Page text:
No. 17




Priorities of Environment-friendly Public Procurements and Options for Regulative Management

18 June 2008


RiTo No. 17, 2008

  • Aare Kasemets

    Aare Kasemets

    Editor-in-Chief of Riigikogu Toimetised issues 1–3

The article focuses on the measures for implementation of the EU directives 2004/17EC and 2004/18/EC, the Public Procurement Act of the Republic of Estonia and the Estonian environment-friendly and sustainable public procurement priorities 2007-2009, the implementation of which requires that the state and local government authorities have interdisciplinary knowledge of sustainable consumption, production and public procurement options as well as leadership capability.

The article aims at giving an overview of the directions of regulative management of environment-friendly public procurements in the European Union and Green-7 member states, as well as analysing the main problems and political choices in Estonia.

Environment-friendly public procurement became a matter of Estonian domestic policy and foreign policy when Estonia regained its independence. The first step was to join the resolution of the United Nations Conference on Environment and Development (Rio de Janeiro, 1992). This involved making an agreement to consider environmental concerns in public procurements. However, for various reasons, it was not until 2004 that the matter re-emerged in the government in connection with Estonia’s accession to the European Union. In the EU, the topic of environment-friendly public procurements is integrated in economic, social and environmental policy, including the Lisbon Strategy and the European Sustainable Development Strategy.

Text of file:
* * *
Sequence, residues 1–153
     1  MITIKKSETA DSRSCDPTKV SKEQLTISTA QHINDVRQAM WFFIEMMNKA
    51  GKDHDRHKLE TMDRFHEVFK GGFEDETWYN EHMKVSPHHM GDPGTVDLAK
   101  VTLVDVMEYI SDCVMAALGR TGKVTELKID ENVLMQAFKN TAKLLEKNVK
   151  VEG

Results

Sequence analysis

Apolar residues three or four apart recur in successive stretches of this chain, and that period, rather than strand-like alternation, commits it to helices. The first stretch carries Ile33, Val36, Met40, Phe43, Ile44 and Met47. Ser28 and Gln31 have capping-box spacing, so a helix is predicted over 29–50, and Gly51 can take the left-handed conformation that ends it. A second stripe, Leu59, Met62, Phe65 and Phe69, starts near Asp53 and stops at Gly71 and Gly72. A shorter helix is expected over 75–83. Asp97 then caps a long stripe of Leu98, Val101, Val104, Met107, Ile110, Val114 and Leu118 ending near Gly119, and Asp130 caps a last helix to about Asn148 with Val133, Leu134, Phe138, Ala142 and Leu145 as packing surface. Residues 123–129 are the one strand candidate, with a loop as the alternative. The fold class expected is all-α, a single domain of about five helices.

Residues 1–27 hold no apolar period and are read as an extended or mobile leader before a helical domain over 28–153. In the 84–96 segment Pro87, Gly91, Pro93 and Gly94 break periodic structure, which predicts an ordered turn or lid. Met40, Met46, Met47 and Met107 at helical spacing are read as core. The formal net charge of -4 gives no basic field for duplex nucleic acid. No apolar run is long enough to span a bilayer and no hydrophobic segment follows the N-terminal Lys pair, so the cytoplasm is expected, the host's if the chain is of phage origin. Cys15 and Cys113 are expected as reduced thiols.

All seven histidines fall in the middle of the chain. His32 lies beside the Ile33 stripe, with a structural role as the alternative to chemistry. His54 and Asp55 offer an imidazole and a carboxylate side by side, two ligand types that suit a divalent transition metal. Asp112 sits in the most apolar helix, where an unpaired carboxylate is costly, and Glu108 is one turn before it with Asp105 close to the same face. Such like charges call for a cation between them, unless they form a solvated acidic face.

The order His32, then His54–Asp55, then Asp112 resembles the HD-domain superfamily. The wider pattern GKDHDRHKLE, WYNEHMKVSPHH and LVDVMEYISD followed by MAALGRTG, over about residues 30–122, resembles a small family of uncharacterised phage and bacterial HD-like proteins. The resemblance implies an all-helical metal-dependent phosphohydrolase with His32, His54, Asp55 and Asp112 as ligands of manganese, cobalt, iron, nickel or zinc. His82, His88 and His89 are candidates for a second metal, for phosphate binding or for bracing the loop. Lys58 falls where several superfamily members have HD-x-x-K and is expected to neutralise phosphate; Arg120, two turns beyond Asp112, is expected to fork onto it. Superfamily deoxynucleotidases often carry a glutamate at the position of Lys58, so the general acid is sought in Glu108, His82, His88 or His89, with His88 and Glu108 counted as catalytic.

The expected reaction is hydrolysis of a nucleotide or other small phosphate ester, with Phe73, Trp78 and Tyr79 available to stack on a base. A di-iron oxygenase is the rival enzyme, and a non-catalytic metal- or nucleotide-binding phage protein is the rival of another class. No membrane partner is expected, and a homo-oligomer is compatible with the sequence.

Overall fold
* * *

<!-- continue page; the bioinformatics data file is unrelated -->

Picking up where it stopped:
As co-author of the national priority and activity plan (2005-07), the author of the article is convinced that environment-friendly (i.e. green, sustainable) public procurement regulations are (or could serve as) an effective tool for protecting people’s health and living environment, pursuing a sustainable policy and cutting state budget expenses. The author emphasises that consideration of the environment and health information required for implementation of the Public Procurement Act is associated with ethical, scientific, educational, political, economic, environmental, administrative and state budgetary concerns which require the corresponding competence.

In Estonia, implementation of the Public Procurement Act is co-ordinated by the Ministry of Finance, supported in the environment-friendly public procurement measures (including environment indicators of 10 product teams, procurement instructions, training, web, etc) by the Ministry of the Environment.

Full article in Estonian